Russian deputy defense minister Yuri Borisov told the TASS News agency. "Most likely, this will be already the next state armament program, i.e. 2018-2025."
It is first necessary to complete the fighter jet’s trials, the deputy defense minister said.
"We are not in a hurry," Borisov said.
As long as the existing analogs meet the requirements of the Armed Forces, there is no need spending money on the purchase of expensive new military hardware, he said.
In the meantime, the Russians are continuing to develop the next-generation Saturn izdeliye 30—sometime referred to as the izdeliye 129—engines for the T-50. There are few details available about the izdeliye 30 engines, but the new powerplant is expected to deliver 24,054lbs dry thrust and 39,566lbs of afterburning thrust. The new engine is expected to make its first flight installed onboard the PAK-FA in the fourth quarter of 2017.
"The first flight of the aircraft with the new engine is expected in the fourth quarter of 2017," a United Engine Corporation spokesman told TASS.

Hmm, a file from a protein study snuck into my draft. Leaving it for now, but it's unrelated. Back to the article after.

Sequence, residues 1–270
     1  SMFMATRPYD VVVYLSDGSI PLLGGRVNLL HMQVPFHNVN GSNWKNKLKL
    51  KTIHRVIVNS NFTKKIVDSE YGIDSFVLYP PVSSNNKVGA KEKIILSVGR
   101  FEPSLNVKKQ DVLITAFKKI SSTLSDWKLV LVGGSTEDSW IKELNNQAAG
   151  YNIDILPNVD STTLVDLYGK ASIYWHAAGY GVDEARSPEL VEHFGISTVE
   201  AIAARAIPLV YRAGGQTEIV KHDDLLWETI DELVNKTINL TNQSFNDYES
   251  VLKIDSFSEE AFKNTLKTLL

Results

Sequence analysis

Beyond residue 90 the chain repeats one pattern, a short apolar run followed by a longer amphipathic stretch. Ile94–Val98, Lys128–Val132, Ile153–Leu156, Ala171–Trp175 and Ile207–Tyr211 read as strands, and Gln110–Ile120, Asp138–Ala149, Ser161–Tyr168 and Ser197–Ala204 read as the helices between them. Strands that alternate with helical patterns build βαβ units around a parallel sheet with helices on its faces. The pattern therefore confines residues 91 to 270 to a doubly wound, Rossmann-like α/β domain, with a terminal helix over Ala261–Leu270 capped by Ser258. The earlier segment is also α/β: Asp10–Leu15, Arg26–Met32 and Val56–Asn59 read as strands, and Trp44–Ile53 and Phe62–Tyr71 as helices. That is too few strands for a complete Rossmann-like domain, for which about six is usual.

With the new engine installed, the PAK-FA should be able to offer kinematic performance comparable to the Lockheed Martin F-22 Raptor—cruising without afterburner at speeds exceeding Mach 1.5 with a maximum speed greater than Mach 2.0 at altitudes of around 60,000ft. “Performance-wise it certainly looks to compete with the Raptor,” one senior military official with extensive experience on U.S. fifth-generation fighters told me some time ago.
The F22 has a Pratt and Whitney F119 engine. It is an afterburning turbofan engine that delivers thrust in the 35,000 lbf (160 kN) class. It is designed for supersonic flight without the use of afterburner (supercruise). Delivering almost 22% more thrust with 40% fewer parts than conventional, fourth-generation military aircraft engine models, the F119 allows sustained supercruise speeds of up to Mach 1.8